With a camera in hand at all times, I respond to stimuli that jostle my internal sense of normalcy. I suppose that is a very subjective term: "normalcy." I have photographed riots, celebrities, and the Westminster Dog Show at Madison Square Garden. I grew up and lived most of my life in New York City and admit to feeling accustomed to everyday urban oddity. Since moving to the desert, many of the apparently small happenings of life or ordinary scenes in the extra-terrestrial landscape of the Southwest provide an exciting substrate for me to respond photographically. Mundane and cyclic occurrences of seasons, decay, human negligence, and interpersonal connection are the impetus for my reactions and explorations in the photographs of "The Fire in the Freezer."

My writing follows a similar trajectory. However, instead of my camera and my current life, I use my memory as a space to visit, extract, and recount remarkable moments. Through reflection, I write current and past events in my life into strophes and vignettes. Much like my process of sequencing photographs, I then move the segments around to suggest possible connections.

The photographs and writing are hardbound in separate books. Both the books are housed side by side in a slipcase which conceptually suggests the interdependent relationship of one book to the other. The book containing the text has no photographs. The book containing photographs contains no text unless it appears in the images. "The Fire in the Freezer" is a personal documentary project that reaches its apex when the words and images are considered together in the mind of the audience.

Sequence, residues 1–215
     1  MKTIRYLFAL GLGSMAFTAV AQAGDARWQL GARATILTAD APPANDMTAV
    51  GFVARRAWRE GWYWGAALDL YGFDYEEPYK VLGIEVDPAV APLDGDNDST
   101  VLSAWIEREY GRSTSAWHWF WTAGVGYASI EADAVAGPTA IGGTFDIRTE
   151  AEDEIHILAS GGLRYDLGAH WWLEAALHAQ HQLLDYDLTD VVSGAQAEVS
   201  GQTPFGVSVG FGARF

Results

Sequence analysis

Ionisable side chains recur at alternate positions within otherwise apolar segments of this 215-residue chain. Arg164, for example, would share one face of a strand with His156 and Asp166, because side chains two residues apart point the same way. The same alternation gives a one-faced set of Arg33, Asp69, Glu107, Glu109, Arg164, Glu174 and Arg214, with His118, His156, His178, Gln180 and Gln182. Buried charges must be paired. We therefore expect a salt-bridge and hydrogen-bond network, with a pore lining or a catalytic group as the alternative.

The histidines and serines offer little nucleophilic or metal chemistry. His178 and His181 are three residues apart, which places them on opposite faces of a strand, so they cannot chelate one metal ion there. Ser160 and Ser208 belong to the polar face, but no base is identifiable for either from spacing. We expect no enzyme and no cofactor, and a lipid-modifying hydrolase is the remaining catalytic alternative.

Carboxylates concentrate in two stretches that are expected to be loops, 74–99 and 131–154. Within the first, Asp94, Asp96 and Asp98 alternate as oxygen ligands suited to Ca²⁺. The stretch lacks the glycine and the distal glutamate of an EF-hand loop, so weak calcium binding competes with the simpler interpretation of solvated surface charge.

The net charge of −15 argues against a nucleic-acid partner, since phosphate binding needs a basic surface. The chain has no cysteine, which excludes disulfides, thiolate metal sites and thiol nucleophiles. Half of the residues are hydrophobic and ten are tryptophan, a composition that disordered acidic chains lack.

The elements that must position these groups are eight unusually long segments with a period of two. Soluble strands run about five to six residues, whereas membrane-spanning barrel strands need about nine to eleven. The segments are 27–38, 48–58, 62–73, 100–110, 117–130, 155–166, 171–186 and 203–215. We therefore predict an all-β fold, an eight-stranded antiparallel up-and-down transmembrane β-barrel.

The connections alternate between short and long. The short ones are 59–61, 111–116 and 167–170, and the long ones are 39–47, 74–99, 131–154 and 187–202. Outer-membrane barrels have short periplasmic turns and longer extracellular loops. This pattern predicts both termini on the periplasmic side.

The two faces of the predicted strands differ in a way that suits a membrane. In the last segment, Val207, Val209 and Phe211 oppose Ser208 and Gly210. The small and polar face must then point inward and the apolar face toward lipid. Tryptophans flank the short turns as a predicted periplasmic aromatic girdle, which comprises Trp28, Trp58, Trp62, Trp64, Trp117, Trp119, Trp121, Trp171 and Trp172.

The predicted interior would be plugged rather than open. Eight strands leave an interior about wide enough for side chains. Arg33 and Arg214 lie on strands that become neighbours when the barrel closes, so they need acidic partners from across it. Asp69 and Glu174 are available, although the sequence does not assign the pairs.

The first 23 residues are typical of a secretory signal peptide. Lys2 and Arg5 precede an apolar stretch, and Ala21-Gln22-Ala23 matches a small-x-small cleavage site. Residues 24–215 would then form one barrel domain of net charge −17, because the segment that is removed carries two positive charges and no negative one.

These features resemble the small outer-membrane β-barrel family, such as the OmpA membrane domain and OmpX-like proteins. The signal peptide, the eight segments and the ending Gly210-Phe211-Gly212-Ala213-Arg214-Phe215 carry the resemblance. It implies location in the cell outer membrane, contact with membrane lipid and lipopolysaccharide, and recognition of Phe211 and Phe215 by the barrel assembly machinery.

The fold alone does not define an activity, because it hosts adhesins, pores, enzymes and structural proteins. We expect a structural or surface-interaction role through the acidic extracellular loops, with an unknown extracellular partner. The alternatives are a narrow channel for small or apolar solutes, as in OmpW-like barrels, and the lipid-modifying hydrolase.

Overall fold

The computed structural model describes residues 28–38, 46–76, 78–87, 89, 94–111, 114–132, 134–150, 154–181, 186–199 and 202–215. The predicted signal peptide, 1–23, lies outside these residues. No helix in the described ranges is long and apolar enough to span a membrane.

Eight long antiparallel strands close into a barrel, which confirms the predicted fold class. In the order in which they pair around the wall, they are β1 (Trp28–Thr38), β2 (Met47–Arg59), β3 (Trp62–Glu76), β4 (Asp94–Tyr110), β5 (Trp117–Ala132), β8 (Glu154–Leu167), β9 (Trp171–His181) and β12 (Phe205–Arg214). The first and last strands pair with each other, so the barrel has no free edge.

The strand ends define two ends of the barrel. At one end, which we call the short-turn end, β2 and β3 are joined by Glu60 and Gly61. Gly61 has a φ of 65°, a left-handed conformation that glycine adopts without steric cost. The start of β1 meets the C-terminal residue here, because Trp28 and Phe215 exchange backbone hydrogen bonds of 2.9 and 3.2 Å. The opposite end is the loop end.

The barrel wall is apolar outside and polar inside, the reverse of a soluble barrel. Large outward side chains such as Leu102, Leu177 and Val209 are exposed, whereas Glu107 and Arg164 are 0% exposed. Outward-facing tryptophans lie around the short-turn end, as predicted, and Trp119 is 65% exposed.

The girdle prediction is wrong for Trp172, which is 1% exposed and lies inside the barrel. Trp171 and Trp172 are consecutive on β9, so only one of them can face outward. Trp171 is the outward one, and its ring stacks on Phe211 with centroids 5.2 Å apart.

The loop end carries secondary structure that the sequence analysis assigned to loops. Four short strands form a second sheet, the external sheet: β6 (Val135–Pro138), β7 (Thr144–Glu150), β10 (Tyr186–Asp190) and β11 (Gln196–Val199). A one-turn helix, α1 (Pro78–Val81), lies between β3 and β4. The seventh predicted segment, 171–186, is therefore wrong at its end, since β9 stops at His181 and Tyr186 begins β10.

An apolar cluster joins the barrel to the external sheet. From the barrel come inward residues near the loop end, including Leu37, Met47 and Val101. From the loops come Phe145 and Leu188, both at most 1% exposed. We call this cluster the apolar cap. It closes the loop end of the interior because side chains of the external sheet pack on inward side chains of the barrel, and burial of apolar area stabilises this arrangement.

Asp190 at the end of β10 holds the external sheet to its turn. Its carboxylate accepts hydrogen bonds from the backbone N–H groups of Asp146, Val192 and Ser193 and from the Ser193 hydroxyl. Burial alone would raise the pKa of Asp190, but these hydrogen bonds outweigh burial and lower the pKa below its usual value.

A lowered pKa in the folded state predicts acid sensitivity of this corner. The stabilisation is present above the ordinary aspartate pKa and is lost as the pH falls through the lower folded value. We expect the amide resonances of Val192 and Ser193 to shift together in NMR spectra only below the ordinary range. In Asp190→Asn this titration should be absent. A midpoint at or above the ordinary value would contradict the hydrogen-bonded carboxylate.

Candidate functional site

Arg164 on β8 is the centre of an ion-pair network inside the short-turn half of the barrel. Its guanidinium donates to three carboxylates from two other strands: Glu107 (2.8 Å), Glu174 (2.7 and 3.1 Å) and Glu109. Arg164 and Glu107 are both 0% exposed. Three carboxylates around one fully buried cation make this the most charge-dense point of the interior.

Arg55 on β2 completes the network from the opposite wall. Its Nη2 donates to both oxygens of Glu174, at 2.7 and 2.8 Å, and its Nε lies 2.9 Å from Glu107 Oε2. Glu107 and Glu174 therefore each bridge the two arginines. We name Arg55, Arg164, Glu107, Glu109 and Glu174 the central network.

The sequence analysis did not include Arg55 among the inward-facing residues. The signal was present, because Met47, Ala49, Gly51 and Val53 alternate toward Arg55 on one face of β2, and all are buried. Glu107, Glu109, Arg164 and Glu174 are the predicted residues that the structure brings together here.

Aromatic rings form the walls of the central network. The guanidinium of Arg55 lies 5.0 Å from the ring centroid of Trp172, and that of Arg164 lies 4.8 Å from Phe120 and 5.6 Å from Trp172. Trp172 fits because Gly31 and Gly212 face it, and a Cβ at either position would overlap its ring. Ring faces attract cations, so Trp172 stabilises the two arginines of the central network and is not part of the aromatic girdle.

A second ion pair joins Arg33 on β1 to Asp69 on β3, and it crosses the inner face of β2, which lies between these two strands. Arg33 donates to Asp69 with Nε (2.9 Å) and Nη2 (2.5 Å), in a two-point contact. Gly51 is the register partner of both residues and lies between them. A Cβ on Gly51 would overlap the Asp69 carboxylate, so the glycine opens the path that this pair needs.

Perhaps it is a pyrrhic task of sorts: gleaning bits of an ever-evolving and fluid narrative to create a whole. New information has an uncanny ability to either confirm familiar notions or to further dilute diaphanous truths: illusions of a finite trajectory can be shattered in an instant. I photograph and write to create and consider evidence of my life. I photograph and write to discover what exists in rich interim moments— in spite of knowing I will sometimes be troubled by what I have found.